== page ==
Alumni Profile: Bill Kozyra '80
Bill Kozyra ’80, says working at his father’s wood model automotive prototype factory while obtaining an engineering degree at the University of Detroit prepared him well for a leading career in the automotive industry.
“I had been working for my dad since I was nine, and I was attracted to the co-op program at U of D where I could continue working while going to school,” says Kozyra, Continental Automotive Systems North America president and CEO. “I still value the quality education I got there and the close, personal relationships I had and still have with some of the professors.”
The Rochester resident is a rarity in that he had one career move but has worked for five companies. He began his career with the Budd Company as a project engineer, advancing to president of its wheel and brake division. In 1995, Budd was acquired by Allied Signal, which soon after was bought by Bosch, where Kozyra was vice president and general manager of the company’s brake products division. Bosch was purchased by ITT Automotive, and Kozyra served as vice president and general manager of brake and chassis systems North America. In 1998, Continental bought ITT Automotive, and he was named to his present post, based in Auburn Hills. Kozyra is also deputy member of the executive board of Continental AG, Hanover, Germany, and the first American to be appointed to that board.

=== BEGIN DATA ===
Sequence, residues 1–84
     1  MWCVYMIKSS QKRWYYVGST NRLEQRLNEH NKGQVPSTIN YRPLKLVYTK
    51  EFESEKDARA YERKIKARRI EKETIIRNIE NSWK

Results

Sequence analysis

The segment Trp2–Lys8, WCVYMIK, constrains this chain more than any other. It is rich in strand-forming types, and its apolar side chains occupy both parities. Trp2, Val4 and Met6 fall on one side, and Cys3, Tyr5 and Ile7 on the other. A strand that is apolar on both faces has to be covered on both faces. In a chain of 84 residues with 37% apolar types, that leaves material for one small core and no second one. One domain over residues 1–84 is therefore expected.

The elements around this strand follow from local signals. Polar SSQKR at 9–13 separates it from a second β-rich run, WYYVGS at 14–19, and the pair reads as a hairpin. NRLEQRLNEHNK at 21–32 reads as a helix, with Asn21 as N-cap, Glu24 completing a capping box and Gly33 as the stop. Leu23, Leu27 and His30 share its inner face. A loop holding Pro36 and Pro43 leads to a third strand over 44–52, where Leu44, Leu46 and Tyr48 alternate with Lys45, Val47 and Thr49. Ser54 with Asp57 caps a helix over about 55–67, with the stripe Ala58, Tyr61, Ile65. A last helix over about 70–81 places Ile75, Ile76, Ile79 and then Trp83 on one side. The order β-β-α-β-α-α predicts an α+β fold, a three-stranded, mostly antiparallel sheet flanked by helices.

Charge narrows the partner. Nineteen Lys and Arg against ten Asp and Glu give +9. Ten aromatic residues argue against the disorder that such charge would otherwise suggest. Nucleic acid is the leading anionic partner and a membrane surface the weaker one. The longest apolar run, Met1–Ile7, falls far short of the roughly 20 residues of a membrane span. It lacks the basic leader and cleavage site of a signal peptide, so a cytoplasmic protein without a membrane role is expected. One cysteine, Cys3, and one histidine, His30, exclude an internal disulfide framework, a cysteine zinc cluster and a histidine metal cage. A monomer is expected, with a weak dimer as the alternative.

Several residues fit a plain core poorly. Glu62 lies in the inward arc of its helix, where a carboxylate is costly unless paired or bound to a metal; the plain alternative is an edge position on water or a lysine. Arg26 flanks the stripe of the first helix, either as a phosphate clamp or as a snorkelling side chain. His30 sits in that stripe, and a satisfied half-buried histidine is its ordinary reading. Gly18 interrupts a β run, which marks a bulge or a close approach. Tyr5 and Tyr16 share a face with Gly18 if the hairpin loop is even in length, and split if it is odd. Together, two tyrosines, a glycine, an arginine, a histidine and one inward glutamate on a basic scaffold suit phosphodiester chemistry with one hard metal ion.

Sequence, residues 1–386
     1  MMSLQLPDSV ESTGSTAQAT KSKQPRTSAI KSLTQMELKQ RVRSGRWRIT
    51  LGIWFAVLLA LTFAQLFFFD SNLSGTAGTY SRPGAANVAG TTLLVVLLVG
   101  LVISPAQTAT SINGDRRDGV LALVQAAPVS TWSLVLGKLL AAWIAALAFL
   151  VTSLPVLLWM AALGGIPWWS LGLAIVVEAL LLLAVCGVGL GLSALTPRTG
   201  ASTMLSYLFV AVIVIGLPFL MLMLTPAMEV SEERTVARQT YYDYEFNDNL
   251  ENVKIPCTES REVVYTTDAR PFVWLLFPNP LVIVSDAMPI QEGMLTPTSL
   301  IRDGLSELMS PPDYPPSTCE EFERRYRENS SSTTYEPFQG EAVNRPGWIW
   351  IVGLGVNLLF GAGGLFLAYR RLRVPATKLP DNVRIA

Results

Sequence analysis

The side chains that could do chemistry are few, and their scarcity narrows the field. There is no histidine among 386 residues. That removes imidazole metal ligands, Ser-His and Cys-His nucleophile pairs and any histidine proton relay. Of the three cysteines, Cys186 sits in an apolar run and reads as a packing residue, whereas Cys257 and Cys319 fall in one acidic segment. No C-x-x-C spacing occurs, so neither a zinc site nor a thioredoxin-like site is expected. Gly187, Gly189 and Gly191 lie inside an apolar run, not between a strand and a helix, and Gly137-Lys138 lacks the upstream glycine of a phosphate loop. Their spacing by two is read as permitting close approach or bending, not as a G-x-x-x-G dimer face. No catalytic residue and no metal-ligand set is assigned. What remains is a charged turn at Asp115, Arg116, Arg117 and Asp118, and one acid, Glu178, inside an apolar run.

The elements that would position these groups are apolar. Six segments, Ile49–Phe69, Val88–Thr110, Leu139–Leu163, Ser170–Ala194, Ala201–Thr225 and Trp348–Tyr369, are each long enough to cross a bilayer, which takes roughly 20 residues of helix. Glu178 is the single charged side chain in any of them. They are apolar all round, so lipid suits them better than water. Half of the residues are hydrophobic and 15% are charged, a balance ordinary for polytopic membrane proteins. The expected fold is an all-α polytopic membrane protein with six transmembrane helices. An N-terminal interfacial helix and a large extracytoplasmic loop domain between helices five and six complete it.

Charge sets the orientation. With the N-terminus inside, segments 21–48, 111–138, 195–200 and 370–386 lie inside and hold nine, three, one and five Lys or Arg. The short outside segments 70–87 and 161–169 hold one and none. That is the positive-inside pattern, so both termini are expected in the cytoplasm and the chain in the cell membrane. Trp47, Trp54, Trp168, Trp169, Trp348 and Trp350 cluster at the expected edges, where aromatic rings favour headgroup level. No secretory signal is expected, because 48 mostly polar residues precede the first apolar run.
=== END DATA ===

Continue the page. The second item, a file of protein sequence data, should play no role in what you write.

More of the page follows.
All this change occurred in just three years, Kozyra says, and required a liberal dose of being open to change. “I had to manage my attitude in a positive way through all these mergers and acquisitions.”
Kozyra’s resilience makes him a more resolute leader. He considers his greatest accomplishment being active in promoting electronic stability control (ESC) to automakers. A major victory for him and others came last fall when the National Highway Traffic Safety Administration ruled that all new passenger vehicles be equipped with ESC by the 2012 model year. About 50 percent of vehicles today have ESC. The system, one of Continental’s major products, gives drivers greater ability to maintain control during high speeds and on slippery roads, often preventing rollover crashes.
“It saves 10,000 lives a year,” Kozyra says, adding that ESC is the second most effective safety technology since the seat belt.